Uber CEO Travis Kalanick is making his time away from the C-suite permanent amid investor pressure and a PR firestorm. Kalanick's company changed transportation as we know it, and his aggressive attitude toward growth over everything got the company where it is today in every sense. We'll talk about it. Then: As the GOP keeps hashing out its bill behind closed doors, insurers are deciding whether to stay on Obamacare exchanges. Some big players are dropping out, and that's giving smaller companies an opportunity. Plus, it's the first official day of summer, so we have a conversation with Carnival cruise line CEO Arnold Donald.
We know about as much about Senate Republicans' plan to repeal and replace Obamacare as we did yesterday — pretty much nothing, except that we might be able to see the secret bill Thursday. That's a lot of uncertainty around a plan to rework 17 percent of the economy. So in the meantime let's talk about that number. Where'd it come from? Then, as we continue on series "The Big Promise," we'll look at one problem facing rural Pennsylvanians President Trump hasn't talked much about: the digital divide. The lack of high-speed internet means video rental stores still clean up and some business owners have to rely on expensive data plans to get connected. Plus, it's a perennial question that pops up this time of year: Why aren't Americans taking vacations?
You've probably heard the Senate is working on a health care bill. So far there's no public drafts, no hearing, no CBO score, no nothing. But it's there, according to the small group of Senators who are trying to put it up for a vote before July 4. The whole situation is a conundrum for lobbyists and interest groups. Their whole business is legislation, but how can you get a seat at the table when there is no table? Then, speaking of Congress: rank-and-file members are facing shrinking staffs and an ambitious legislative agenda. What could go wrong? Plus, JAY-Z has a new album coming next week, but you can only hear it if you're on Tidal... or Sprint?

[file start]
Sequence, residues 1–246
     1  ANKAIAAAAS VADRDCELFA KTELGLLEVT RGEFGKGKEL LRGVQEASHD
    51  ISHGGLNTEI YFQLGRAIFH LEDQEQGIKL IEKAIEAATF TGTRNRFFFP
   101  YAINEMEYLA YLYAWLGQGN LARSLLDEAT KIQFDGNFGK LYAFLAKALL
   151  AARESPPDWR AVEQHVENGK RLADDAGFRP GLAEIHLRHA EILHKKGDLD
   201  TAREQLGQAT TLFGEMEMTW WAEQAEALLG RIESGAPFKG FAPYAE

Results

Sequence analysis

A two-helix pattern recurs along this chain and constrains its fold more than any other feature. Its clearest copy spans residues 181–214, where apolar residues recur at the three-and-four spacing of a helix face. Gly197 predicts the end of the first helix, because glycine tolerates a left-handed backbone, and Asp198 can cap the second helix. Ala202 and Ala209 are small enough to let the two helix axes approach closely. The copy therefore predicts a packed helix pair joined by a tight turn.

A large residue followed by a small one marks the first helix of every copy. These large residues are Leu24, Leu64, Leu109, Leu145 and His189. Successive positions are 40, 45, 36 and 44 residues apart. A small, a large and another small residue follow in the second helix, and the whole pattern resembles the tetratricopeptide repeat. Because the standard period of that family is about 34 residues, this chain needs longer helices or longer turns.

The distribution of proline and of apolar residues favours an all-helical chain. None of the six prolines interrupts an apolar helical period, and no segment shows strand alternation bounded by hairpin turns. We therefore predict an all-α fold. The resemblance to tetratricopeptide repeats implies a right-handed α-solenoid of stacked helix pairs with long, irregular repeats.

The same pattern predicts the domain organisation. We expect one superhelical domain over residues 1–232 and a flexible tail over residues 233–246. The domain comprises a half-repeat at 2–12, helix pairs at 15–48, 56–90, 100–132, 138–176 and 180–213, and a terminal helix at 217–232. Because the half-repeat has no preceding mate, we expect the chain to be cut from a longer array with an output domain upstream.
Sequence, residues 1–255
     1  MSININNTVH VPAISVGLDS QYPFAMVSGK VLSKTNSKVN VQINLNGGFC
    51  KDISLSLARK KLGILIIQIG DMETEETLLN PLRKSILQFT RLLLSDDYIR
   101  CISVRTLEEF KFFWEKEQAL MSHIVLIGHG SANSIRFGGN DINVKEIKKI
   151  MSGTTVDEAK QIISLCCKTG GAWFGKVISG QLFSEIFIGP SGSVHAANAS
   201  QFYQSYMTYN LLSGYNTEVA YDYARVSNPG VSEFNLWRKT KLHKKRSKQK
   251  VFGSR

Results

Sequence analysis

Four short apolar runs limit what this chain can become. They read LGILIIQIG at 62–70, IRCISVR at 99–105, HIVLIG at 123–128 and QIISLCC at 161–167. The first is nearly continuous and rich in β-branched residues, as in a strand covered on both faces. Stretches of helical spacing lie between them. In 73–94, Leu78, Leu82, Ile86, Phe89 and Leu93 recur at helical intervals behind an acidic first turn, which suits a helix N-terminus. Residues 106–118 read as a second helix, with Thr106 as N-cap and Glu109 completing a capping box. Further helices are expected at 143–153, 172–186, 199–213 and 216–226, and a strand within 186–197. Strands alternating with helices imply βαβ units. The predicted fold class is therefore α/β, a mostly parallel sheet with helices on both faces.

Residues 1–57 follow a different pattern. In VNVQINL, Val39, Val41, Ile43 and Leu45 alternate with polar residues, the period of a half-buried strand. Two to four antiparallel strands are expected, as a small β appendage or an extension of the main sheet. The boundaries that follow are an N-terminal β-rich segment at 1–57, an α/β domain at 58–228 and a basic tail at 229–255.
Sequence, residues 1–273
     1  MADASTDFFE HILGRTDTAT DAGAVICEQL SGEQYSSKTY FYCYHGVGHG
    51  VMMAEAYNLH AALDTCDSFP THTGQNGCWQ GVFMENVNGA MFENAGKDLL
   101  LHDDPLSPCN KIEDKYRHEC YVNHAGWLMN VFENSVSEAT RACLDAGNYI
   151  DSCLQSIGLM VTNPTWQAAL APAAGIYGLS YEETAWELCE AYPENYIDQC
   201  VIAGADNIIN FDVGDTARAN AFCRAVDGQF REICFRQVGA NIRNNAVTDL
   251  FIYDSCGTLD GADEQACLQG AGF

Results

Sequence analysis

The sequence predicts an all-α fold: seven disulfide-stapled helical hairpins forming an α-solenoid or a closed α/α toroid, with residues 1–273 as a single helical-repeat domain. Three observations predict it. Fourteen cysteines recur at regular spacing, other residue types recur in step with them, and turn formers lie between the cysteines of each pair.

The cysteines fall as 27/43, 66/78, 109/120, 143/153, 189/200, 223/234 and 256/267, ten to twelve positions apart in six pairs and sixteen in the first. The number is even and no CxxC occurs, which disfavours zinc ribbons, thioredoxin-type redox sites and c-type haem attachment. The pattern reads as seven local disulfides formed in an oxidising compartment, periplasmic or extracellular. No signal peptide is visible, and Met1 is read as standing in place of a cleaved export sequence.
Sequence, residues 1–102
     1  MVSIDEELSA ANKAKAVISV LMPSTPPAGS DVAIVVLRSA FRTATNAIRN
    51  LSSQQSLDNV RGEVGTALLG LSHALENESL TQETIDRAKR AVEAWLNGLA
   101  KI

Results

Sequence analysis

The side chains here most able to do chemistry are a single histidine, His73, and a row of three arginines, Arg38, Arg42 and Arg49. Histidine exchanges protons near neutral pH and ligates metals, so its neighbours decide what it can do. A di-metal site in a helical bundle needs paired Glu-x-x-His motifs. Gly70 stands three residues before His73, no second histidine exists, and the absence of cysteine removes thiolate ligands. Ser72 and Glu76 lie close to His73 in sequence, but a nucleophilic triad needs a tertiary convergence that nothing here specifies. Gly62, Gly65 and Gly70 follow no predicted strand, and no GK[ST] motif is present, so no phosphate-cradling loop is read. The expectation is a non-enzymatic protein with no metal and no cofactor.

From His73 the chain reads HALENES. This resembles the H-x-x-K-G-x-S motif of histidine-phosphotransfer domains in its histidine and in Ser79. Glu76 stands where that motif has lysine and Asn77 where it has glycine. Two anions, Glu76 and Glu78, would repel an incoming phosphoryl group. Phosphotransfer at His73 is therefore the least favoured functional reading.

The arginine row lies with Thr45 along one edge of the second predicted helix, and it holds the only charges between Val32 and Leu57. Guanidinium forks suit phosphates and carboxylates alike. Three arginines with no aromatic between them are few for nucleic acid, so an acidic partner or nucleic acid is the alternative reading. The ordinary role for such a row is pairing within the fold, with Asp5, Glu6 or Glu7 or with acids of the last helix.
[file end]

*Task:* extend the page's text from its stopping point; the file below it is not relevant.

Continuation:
Retailers got a shock to the system today when Amazon announced plans to buy the high-end grocer Whole Foods for $13.7 billion. So what does the world's largest digital retailer want with all those stores? We'll talk about it in the Weekly Wrap. Then: What comes to mind when you hear the word "manufacturing"? Giant factories? Big burly dudes operating heavy machinery? Well, it might be time to rethink that. A new group of entrepreneurs are bringing smaller-scale manufacturing back to America's cities. Plus: Another installment of our seasonal series "Summer: Brought to You By."
EPA Administrator Scott Pruitt caught a lot of heat for claiming the U.S. has added 50,000 coal jobs. That's not true; there are actually about 51,000 coal miners in this country total. That small group wields out-sized political influence, so we'll do numbers on the coal industry and the way energy is moving overall. Then: A gas explosion in Colorado this spring is renewing an intense debate in that state over drilling in urban areas. Plus, as we approach the ten-year anniversary of the iPhone, we'll take a look at the untold stories of its invention with author Brian Merchant.
As many suspected, the Federal Reserve raised interest rates a fourth of a percent today. It's the third hike in six months, and we'll get a little wonky parsing Yellen's comments on inflation, the labor market and overall economic health. Then, we're going hunting for the silver lining in a very cloudy year for retailers. Plus: a look at why bootlegging is booming again.